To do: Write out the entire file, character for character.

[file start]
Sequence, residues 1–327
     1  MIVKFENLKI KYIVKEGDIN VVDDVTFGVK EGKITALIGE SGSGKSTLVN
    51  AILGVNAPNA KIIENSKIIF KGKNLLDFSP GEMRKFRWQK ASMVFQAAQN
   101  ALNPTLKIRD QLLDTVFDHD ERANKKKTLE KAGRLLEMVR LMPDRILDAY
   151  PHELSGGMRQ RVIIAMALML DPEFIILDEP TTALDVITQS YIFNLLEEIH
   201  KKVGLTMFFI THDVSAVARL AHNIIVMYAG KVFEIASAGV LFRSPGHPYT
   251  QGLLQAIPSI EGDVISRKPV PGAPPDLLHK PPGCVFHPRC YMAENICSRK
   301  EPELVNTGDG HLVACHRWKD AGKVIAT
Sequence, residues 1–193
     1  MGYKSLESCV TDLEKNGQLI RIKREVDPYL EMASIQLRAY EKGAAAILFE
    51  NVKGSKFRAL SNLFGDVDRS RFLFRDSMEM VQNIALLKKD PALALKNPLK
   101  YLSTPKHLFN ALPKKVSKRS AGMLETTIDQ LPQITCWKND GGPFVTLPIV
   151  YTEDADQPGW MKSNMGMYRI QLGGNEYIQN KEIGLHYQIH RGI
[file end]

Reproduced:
Sequence, residues 1–327
     1  MIVKFENLKI KYIVKEGDIN VVDDVTFGVK EGKITALIGE SGSGKSTLVN
    51  AILGVNAPNA KIIENSKIIF KGKNLLDFSP GEMRKFRWQK ASMVFQAAQN
   101  ALNPTLKIRD QLLDTVFDHD ERANKKKTLE KAGRLLEMVR LMPDRILDAY
   151  PHELSGGMRQ RVIIAMALML DPEFIILDEP TTALDVITQS YIFNLLEEIH
   201  KKVGLTMFFI THDVSAVARL AHNIIVMYAG KVFEIASAGV LFRSPGHPYT
   251  QGLLQAIPSI EGDVISRKPV PGAPPDLLHK PPGCVFHPRC YMAENICSRK
   301  EPELVNTGDG HLVACHRWKD AGKVIAT
Sequence, residues 1–193
     1  MGYKSLESCV TDLEKNGQLI RIKREVDPYL EMASIQLRAY EKGAAAILFE
    51  NVKGSKFRAL SNLFGDVDRS RFLFRDSMEM VQNIALLKKD PALALKNPLK
   101  YLSTPKHLFN ALPKKVSKRS AGMLETTIDQ LPQITCWKND GGPFVTLPIV
   151  YTEDADQPGW MKSNMGMYRI QLGGNEYIQN KEIGLHYQIH RGI